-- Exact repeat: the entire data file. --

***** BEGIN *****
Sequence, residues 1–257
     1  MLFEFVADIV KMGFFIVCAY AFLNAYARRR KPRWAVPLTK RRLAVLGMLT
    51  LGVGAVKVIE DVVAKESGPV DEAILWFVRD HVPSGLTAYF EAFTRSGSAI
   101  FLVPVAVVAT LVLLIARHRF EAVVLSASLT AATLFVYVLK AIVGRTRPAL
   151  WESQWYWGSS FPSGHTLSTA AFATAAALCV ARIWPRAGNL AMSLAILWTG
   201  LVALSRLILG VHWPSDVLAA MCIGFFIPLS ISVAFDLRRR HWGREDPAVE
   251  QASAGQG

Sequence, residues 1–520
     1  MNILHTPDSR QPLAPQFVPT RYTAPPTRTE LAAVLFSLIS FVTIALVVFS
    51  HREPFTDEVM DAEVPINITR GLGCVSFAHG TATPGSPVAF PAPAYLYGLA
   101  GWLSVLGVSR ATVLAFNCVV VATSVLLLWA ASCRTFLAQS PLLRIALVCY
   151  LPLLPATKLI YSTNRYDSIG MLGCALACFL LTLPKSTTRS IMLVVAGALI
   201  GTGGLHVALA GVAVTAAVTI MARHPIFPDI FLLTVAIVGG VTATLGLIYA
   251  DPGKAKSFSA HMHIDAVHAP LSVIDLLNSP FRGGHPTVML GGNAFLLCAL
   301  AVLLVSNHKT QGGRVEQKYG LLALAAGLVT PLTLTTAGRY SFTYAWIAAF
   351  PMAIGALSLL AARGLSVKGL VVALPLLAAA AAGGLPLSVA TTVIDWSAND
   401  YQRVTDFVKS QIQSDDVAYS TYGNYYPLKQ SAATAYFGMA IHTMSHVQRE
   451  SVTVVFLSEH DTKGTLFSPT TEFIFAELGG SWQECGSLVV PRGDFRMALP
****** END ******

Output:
Sequence, residues 1–257
     1  MLFEFVADIV KMGFFIVCAY AFLNAYARRR KPRWAVPLTK RRLAVLGMLT
    51  LGVGAVKVIE DVVAKESGPV DEAILWFVRD HVPSGLTAYF EAFTRSGSAI
   101  FLVPVAVVAT LVLLIARHRF EAVVLSASLT AATLFVYVLK AIVGRTRPAL
   151  WESQWYWGSS FPSGHTLSTA AFATAAALCV ARIWPRAGNL AMSLAILWTG
   201  LVALSRLILG VHWPSDVLAA MCIGFFIPLS ISVAFDLRRR HWGREDPAVE
   251  QASAGQG

Sequence, residues 1–520
     1  MNILHTPDSR QPLAPQFVPT RYTAPPTRTE LAAVLFSLIS FVTIALVVFS
    51  HREPFTDEVM DAEVPINITR GLGCVSFAHG TATPGSPVAF PAPAYLYGLA
   101  GWLSVLGVSR ATVLAFNCVV VATSVLLLWA ASCRTFLAQS PLLRIALVCY
   151  LPLLPATKLI YSTNRYDSIG MLGCALACFL LTLPKSTTRS IMLVVAGALI
   201  GTGGLHVALA GVAVTAAVTI MARHPIFPDI FLLTVAIVGG VTATLGLIYA
   251  DPGKAKSFSA HMHIDAVHAP LSVIDLLNSP FRGGHPTVML GGNAFLLCAL
   301  AVLLVSNHKT QGGRVEQKYG LLALAAGLVT PLTLTTAGRY SFTYAWIAAF
   351  PMAIGALSLL AARGLSVKGL VVALPLLAAA AAGGLPLSVA TTVIDWSAND
   401  YQRVTDFVKS QIQSDDVAYS TYGNYYPLKQ SAATAYFGMA IHTMSHVQRE
   451  SVTVVFLSEH DTKGTLFSPT TEFIFAELGG SWQECGSLVV PRGDFRMALP